But employing hybrid mana wasn’t the only new thing that Fate Reforged brought to the Tarkir block as a whole.  As should come as little surprise, this second Tarkir set featured a combination of mechanics from its predecessor, Khans of Tarkir, as well as some from its successor, Dragons of Tarkir.

<MARO 9:02-30 “One of the fun…put together.”>

Those returning clan-specific mechanics are:
•    Prowess for Jeskai;
•    Delve for Sultai, and;
•    Ferocious for Temur.

As for the two new mechanics, Mardu (which had raid in Khans) now have something called dash, which is an alternate way to cast creatures that gives them haste, but returns them to your hand at the beginning of that turn’s end step.

Abzan was given the bolster mechanic, replacing outlast.  Bolster has a player choose a creature with the least toughness among the creatures they control and put a specific number of +1/+1 counters upon it.

Morph, a mechanic that was across all five clans in Khans of Tarkir doesn’t return in Fate Reforged.  Instead, the set has a new version of it called manifest which puts into play any card as a face-down 2/2 creature that can then be turned face-up at any time for its printed mana cost or morph cost, should that card have a morph cost to begin with.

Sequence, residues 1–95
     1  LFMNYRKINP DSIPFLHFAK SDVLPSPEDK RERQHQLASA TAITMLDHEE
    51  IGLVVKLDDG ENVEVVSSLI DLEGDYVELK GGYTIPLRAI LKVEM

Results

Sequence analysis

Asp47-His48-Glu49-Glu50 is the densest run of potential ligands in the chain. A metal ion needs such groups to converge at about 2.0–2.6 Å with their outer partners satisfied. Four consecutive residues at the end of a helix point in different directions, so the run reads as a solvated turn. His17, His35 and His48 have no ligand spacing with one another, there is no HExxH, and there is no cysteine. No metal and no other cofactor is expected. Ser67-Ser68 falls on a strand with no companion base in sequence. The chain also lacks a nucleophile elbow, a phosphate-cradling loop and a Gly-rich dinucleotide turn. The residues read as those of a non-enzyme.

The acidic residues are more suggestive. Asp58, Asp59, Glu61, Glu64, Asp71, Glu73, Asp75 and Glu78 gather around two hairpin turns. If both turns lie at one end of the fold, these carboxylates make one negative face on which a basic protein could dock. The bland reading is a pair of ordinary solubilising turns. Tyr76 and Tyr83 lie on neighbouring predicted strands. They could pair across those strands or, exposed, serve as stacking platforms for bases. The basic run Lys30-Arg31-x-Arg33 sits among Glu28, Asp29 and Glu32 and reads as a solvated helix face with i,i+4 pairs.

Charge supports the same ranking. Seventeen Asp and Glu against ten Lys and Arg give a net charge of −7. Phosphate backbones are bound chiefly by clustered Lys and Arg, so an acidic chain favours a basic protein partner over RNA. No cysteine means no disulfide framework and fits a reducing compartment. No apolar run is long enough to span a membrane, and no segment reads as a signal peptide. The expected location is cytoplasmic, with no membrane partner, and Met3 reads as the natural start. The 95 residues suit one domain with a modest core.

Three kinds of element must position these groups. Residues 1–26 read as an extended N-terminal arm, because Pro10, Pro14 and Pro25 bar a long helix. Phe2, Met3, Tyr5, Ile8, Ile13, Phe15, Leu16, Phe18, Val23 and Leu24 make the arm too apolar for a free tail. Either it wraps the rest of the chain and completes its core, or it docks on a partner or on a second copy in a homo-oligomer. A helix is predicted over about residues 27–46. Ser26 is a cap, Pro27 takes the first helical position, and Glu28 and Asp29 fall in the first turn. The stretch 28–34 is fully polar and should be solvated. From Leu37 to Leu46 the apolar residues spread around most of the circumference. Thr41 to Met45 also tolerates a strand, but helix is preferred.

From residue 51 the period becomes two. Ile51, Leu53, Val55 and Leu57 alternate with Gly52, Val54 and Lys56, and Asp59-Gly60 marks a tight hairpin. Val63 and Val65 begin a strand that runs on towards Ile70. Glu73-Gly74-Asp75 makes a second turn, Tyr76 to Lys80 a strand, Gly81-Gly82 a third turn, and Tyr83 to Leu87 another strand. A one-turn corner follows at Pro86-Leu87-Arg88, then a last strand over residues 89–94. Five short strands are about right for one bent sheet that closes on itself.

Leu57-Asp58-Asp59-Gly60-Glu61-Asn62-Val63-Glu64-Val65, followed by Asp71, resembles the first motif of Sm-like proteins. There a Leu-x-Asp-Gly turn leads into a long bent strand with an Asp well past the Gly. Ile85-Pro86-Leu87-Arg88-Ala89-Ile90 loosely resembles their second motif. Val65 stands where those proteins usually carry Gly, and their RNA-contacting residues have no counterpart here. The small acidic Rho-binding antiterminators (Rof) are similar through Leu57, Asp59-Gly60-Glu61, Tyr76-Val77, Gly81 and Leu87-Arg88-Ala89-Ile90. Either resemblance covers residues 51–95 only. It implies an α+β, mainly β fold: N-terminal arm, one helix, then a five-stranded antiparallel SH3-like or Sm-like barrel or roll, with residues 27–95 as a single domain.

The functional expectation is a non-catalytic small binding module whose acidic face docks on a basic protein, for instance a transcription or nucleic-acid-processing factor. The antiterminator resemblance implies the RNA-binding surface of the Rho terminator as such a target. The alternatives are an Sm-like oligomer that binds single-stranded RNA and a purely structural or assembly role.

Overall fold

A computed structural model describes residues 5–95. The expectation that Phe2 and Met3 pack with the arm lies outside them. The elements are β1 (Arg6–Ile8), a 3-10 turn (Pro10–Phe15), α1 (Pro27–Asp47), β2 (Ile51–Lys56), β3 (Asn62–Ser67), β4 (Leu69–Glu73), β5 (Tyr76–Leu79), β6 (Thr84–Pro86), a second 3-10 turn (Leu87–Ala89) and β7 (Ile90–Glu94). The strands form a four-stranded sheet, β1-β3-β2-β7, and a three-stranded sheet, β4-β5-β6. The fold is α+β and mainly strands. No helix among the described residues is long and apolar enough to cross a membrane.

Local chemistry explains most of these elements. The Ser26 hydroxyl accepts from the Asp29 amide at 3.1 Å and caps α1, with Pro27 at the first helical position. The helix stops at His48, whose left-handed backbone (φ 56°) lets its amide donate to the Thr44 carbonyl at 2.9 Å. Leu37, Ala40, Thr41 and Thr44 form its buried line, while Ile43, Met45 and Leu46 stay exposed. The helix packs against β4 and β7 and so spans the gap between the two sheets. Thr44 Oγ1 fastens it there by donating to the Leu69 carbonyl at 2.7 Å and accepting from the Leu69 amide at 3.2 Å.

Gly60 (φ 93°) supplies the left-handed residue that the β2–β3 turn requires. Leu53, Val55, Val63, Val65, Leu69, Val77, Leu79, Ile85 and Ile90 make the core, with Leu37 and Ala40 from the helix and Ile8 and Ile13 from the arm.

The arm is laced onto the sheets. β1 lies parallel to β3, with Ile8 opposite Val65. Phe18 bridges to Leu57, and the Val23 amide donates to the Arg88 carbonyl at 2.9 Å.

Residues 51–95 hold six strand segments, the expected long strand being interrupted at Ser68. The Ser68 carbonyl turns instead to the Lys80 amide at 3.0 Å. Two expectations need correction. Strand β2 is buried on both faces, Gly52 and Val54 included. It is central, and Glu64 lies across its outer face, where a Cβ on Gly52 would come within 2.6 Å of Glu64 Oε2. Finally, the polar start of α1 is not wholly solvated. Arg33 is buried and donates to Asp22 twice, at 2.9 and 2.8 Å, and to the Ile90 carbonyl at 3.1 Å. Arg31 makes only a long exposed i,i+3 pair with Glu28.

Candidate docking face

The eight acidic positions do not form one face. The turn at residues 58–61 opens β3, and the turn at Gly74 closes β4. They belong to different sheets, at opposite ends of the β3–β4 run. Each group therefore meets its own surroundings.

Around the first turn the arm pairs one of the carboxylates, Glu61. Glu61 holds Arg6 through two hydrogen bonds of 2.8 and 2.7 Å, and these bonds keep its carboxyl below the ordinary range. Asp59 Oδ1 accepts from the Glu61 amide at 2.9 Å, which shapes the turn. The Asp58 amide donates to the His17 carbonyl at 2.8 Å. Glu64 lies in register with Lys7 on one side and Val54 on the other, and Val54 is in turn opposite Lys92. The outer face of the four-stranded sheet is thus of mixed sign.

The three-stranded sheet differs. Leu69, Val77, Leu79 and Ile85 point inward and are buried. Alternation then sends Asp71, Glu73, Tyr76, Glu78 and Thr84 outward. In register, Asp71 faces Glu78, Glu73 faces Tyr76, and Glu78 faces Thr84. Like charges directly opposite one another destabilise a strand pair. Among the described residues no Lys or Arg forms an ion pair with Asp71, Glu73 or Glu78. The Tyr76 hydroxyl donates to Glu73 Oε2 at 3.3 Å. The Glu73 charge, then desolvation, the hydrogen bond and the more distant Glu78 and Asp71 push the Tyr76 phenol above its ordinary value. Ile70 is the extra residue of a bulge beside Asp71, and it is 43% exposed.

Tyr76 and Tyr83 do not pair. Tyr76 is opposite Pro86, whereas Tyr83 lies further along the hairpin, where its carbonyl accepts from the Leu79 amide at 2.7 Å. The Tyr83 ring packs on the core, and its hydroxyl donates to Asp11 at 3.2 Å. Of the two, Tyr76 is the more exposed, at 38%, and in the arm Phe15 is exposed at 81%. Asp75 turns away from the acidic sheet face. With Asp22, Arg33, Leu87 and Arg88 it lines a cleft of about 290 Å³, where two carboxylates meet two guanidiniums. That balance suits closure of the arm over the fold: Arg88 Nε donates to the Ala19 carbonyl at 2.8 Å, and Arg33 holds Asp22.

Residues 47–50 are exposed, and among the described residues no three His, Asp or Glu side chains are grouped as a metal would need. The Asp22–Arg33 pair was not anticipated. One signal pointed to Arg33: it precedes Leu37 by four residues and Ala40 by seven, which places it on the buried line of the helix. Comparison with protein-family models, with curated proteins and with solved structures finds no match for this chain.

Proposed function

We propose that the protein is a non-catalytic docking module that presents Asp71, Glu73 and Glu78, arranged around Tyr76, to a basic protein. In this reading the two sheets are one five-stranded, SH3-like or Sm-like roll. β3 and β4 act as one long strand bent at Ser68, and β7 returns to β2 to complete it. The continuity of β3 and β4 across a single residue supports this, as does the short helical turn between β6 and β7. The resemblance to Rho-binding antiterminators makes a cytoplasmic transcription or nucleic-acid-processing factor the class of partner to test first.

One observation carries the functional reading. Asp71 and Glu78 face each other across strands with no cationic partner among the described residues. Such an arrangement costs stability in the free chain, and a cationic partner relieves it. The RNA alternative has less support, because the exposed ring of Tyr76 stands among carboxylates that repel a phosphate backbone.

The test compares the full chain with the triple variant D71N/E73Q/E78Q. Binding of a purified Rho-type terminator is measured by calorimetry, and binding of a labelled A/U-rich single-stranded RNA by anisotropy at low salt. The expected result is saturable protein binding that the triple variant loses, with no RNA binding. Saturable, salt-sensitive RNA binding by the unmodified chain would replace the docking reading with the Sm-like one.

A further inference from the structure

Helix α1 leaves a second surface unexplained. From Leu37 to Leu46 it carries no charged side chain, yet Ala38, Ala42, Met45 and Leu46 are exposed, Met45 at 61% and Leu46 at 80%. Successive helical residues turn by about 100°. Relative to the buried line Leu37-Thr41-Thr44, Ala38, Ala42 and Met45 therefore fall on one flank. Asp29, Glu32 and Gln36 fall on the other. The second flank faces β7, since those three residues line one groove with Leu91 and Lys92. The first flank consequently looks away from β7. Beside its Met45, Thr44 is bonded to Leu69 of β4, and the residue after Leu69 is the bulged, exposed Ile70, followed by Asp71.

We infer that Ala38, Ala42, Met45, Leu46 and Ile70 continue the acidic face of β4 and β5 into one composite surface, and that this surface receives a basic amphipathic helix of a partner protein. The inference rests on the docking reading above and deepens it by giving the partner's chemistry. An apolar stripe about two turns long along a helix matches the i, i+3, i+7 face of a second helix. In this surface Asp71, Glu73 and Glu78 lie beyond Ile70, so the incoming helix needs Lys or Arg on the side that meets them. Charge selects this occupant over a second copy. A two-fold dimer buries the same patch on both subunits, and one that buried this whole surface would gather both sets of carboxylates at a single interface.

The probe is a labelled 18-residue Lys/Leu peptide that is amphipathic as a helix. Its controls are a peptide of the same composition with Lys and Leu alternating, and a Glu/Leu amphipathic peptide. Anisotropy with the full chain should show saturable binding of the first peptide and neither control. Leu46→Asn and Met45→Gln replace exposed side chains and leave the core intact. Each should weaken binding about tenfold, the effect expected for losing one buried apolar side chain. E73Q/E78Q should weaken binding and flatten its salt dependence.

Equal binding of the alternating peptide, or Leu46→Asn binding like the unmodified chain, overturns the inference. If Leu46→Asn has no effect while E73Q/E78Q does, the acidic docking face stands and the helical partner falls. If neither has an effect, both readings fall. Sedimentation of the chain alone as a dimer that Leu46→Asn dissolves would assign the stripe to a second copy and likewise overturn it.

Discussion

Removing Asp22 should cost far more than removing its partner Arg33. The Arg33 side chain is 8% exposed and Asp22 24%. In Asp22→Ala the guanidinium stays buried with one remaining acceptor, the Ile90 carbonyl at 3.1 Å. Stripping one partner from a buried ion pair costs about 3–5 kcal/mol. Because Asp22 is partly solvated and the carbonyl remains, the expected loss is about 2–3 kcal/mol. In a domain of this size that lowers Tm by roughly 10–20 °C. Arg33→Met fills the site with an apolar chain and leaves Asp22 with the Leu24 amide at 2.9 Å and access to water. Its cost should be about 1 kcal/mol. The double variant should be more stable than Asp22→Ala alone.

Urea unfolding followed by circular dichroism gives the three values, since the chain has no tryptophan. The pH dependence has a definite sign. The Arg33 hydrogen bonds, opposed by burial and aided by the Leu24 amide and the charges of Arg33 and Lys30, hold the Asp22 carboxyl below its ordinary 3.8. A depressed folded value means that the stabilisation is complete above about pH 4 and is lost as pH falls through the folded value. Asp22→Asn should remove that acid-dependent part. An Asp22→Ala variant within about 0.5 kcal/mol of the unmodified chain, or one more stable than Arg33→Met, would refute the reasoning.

The set also has a handful of cards with anchor words that allow players a choice as to how they want the card to work.  These choices are “Khans” and “Dragons,” thematically providing players with a flavor choice between siding with Tarkir’s clans and its dragons.

In fact, there was a cycle of enchantments at rare that did exactly that in the Siege cycle, which is one of twelve cycles found within the set.

Of the rest, cycles worth noting include:
•    Hybrid mana ability creatures, which are mono-colored creatures with wedge-colored hybrid mana costed abilities;
•    Khans, which (this time around) are mono-colored legendary creatures that had wedge-colored hybrid mana costed abilities
•    Mono-colored dragons, which are 4/4 creatures with flying that each have an additional in-color ability;
•    Runemarks, which are creature enchantments that give +2/+2 as well as an additional boon so long as you control a wedge-colored permanent, and;